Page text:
A Look Back | Reading Goals for 2021

At the beginning of 2021, I made a list of bookish goals I hoped to accomplish throughout the year. I tried not to make them unattainable goals but just things that would (hopefully) bring me more reading joy throughout the year.

Now, at the beginning of 2022, I’d like to look back on those goals for 2021 with you and see what we managed to accomplish. If you would like to look at the previous post, you can find it here.

Read more outside of my typical genres

My first goal was to read more outside my typical genres, which was mainly YA SFF. I specifically wanted to focus on:

  • historical fiction
  • mysteries/thriller
  • adult SFF
  • manga/graphic novels

I can tell you right now, without even looking at my stats, that I didn’t read any graphic novels. I don’t really know why, either. There have been several throughout the year that have caught my attention but I just didn’t pick them up.

6% of what I read where mysteries of some variety or another so I don’t see that as a particular success. However, I was massively successful in reading more outside of YA!

Only 28.4% of what I read fell into the YA category while the rest of my reads were either new adult or adult. I am very pleased and attribute a great deal of that success to subscribing to kindle unlimited. So much of what I pick up on there is adult SFF, adult romance, or erotica and that certainly made it easier to read more outside of YA.

Don’t give in to the hype

I am a self professed failure at this goal. In 2021, I wanted to pick up fewer books just because they were hyped, even if they didn’t sound particularly good to me. This was a goal because, for the last few years, many of the hyped books I picked up I ended up not liking and was hoping to not waste my time and money that way again. I was most definitely not successful at this despite my good intentions.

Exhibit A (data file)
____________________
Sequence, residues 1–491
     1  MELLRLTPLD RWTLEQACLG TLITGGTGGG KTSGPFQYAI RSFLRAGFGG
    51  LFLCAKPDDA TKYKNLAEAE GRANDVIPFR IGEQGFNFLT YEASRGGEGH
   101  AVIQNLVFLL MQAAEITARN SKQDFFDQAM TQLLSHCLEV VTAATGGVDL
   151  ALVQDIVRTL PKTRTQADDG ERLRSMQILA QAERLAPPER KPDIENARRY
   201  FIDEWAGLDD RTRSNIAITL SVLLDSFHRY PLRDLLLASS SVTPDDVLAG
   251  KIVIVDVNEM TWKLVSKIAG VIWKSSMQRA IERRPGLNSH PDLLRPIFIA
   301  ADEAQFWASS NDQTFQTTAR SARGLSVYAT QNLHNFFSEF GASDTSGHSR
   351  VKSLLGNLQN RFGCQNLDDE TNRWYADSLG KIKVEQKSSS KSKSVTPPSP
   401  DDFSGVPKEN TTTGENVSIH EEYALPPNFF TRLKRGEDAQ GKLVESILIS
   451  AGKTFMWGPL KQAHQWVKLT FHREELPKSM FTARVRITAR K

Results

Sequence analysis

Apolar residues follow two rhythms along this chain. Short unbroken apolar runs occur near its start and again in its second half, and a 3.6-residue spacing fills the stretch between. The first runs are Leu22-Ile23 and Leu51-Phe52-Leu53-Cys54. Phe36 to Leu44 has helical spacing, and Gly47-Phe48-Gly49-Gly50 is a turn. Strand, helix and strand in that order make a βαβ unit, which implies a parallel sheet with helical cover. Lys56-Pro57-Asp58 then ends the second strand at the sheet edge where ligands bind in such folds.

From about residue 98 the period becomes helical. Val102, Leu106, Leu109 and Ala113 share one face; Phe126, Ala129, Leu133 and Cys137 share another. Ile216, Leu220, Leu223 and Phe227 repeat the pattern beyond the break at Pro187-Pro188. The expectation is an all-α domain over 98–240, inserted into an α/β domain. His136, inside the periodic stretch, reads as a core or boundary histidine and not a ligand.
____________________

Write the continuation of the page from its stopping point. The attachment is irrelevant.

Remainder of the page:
Hyped books I read that didn’t work for me

  • A Court of Silver Flames by Sarah J. Maas 2/5
  • The Starless Sea by Erin Morgenstern DNF
  • A Vow so Bold and Deadly by Brigid Kemmerer 2/5
  • The Lost Apothecary by Sarah Penner 2/5
  • Where Dreams Descend by Janella Angeles 1/5

Hyped books I read that DID work for me

Of course, along with some real duds in the hyped books category, there were a few that really stood out in a brilliant way:

  • Iron Widow by Xiran Jay Zhao 4.5/5
  • Once Upon a Broken Heart by Stephanie Garber 4/5
  • The Mask Falling by Samantha Shannon 5/5
  • The Murderbot Diaries by Martha Wells 4/5
  • For the Wolf by Hannah Whitten 5/5

Keep track of reading stats

With this goal, I had made myself an entire list of things I wanted to do in order to keep track of those goals. In italics is what I wrote back in January 2021, in bold are my thoughts now:

  • I have my personal reading calendar where I write down when and how I’ve purchased or preordered books, upcoming releases, as well as blog and booktube posts. I was sporadically successful at this. For the first 2/3 of the year, I was diligent about keeping up with everything in my calendar. That last third sure got away from me, though. My planner is nearly empty the last few months of the year despite my knowing I bought, read, and reviewed a great deal.
  • Next is, predictably, Goodreads where I am trying to tag the books on my shelves more appropriately This is 100% an absolute fail. I had actually completely forgotten that this as a goal. I was sitting at my computer just recently thinking that I really needed to go through my Goodreads shelves and put them in some kind of cohesive order. Whoops!
  • This year I am also trying StoryGraph in conjunction with Goodreads. So far I like their setup better but they don’t have all of the different editions of published books which has been vexing. However, they do allow you to openly state trigger warning for books and that is a feature I appreciate. In 2021 I was actually excellent about using StoryGraph in conjunction with Goodreads. However, it still holds true that not all of the books I read (mostly the ones from kindle unlimited) were not listed through their site. I do intend to continue using it, though.
  • Lastly, I am using a reading spreadsheet which was originally designed by HardbackHoarder. I think she did a fantastic job designing her tracker and, while there are aspects of it I won’t be using, the graphs give me life. It includes things such as genres read, how the book was read, mood tracker, and a wealth of other information. I absolutely love this spreadsheet! I hope that she does an update for 2022 so that I can use it again next year. Seeing all of the graphs, yearly and monthly stats, and being able to easily keep track of everything was amazing.

Overall, I was not massively successful with my 2021 reading goals but I didn’t do too terrible badly. I was very pleased to have found Hardback Hoarder’s spreadsheet and using it has brought me joy this year. Sadly, I did not read outside of my typical genre as much as I would have liked. This gives me something to think about with my 2022 goals at least.

Did you accomplish your reading goals in 2021? What do you most look forward to, reading wise, in 2022?

7 thoughts on “A Look Back | Reading Goals for 2021

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